Some people will say this goes against their personal experience, because they may bleed during their first experience of intercourse. However, it's a common misconception when one believes the bleeding is caused by the tearing of the hymen. When we’re nervous, our muscles tense up, including the muscles in the vagina. Pain, with bleeding as a result, is more likely to be felt when we’re feeling this way but continue with intercourse. Since many people are nervous the first time they have sex, it makes sense that bleeding occurs then.

In an article by Heather Corinna titled “Get Real! Myths & Realities of Bleeding with First Intercourse,” Corinna describes the long history of virginity being used as a metric to value the worth of women. Men would not marry women who were believed to have lost their virginity because men considered them to be worthless. Men believed there was a risk of not knowing if the children she had would be his. Many older women knew the bride might not bleed the first time, so they showed her how to soak up a sponge of animal blood. She would insert it into her vagina, so she wouldn’t get hurt if her husband assumed she wasn’t a virgin. It’s gross, in more ways than one.

Besides the reasons why vaginal intercourse is not the only form of sex, the question remains: what is sex? In my opinion, sex is consensual, mutual erotic pleasure. That’s it.

This open-ended definition includes everyone. By this definition, forms of sex where no one is touching another person’s genitals are as valid as ones that do. Things that most people might not consider sexual, but others do, such as fetishes, become equal. It doesn’t say things like oral, anal, or manual sex are "the best". Those forms of sex also carry risk of STIs, and so you should use protection when doing those. Penis-in-vagina intercourse also carries chance of pregnancy.

My definition also includes masturbation. Masturbation isn’t any better or worse than partnered sex, but it is a very different form of sex. Sometimes we’re not in the right mindset to think about another partner. That’s when it makes sense to masturbate instead. One form of sex does not replace the other. They’re both equal, and people can choose what they want without being shamed.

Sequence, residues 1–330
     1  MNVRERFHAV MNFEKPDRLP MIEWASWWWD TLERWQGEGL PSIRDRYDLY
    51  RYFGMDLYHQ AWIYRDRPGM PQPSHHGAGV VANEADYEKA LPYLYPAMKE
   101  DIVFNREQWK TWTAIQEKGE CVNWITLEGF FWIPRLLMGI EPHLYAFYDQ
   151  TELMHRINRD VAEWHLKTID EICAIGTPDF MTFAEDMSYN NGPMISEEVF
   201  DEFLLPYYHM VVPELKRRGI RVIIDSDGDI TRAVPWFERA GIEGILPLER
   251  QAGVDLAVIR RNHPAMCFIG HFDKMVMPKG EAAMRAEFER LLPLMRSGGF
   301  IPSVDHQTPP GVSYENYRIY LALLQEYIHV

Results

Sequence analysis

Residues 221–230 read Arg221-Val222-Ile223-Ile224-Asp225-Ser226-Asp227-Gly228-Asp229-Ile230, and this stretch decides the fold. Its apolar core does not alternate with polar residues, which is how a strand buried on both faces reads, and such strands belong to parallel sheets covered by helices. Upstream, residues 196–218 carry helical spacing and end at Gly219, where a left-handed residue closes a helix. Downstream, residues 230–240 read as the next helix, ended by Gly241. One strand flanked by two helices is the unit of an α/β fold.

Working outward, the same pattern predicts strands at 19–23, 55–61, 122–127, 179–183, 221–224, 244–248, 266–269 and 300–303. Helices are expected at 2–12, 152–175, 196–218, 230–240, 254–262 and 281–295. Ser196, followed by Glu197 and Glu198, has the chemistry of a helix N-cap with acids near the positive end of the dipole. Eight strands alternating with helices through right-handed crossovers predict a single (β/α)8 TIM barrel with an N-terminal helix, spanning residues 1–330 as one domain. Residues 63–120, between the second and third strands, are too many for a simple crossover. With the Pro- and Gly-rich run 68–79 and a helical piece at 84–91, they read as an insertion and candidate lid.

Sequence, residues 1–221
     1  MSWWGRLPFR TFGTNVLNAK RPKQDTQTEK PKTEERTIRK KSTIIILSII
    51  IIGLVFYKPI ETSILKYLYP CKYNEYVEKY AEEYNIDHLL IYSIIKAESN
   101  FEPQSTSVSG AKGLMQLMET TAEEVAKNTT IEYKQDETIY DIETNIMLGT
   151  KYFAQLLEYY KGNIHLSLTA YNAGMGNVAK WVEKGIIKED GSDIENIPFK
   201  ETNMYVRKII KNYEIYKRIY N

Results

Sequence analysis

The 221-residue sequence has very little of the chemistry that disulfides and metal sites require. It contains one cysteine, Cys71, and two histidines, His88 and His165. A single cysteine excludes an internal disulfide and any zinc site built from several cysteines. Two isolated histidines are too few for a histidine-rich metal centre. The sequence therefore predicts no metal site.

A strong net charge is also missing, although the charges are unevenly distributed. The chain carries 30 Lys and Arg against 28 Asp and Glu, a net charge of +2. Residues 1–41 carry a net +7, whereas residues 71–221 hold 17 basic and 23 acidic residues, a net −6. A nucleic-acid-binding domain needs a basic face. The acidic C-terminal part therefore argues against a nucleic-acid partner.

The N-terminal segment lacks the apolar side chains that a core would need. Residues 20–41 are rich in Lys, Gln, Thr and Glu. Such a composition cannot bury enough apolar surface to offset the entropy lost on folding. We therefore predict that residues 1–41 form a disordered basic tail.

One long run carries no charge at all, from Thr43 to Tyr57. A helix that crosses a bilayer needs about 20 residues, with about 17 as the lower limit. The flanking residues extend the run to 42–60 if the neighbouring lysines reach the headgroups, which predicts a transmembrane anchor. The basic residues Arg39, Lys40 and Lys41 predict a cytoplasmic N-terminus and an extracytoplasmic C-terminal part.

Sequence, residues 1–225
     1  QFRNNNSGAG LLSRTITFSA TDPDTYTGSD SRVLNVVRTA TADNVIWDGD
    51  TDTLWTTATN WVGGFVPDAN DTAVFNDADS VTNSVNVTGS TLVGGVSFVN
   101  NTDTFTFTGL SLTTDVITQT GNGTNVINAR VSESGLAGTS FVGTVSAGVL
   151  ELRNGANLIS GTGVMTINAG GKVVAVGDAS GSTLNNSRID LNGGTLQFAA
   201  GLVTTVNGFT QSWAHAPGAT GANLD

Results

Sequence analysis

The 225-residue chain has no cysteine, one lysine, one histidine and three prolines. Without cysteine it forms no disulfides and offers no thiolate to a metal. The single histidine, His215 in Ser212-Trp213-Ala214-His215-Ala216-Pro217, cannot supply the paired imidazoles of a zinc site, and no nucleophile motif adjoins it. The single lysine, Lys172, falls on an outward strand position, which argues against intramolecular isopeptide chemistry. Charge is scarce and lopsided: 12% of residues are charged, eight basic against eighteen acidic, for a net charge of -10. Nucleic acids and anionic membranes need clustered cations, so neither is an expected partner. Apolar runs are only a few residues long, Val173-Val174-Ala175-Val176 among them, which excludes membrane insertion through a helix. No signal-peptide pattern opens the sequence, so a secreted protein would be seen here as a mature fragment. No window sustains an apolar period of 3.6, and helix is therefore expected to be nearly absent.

According to my view, neither partner must reach orgasm for the act to be considered a valid form of sex. That takes the pressure off both partners. Everyone can think about feeling good. Besides, when the focus is shifted from reaching orgasm, orgasms can still be reached and often better felt. Even people whose genitals can’t get aroused can still have amazing sex. In this definition, sex includes so much more than genitals. Your whole body and mind are capable of pleasure!

In this model, virginity can be a good thing. If there are endless forms of sex, then there are endless ways to lose your virginity, no matter your experience. If you’re trying something new and being creative, then you may have lost your virginity to that one act. Every time you have sex with someone else, you’re losing your virginity all over again. You're getting to know other bodies and what other people like, because everyone is different.

This definition is new for many people and stands in stark contrast with the former. It’s okay to throw away the sexual scripts that aren’t working for us and write new ones. Society may perpetrate certain stereotypes and standards, but these stereotypes and standards need not enter the bedroom. At the end of the day, the foundation of sex is mutual respect and kindness. As long as we’ve got those things, we should be ourselves. Sex should be the place where you can be who you are, so long as you’re allowing the freedom for your partner to be themselves, too.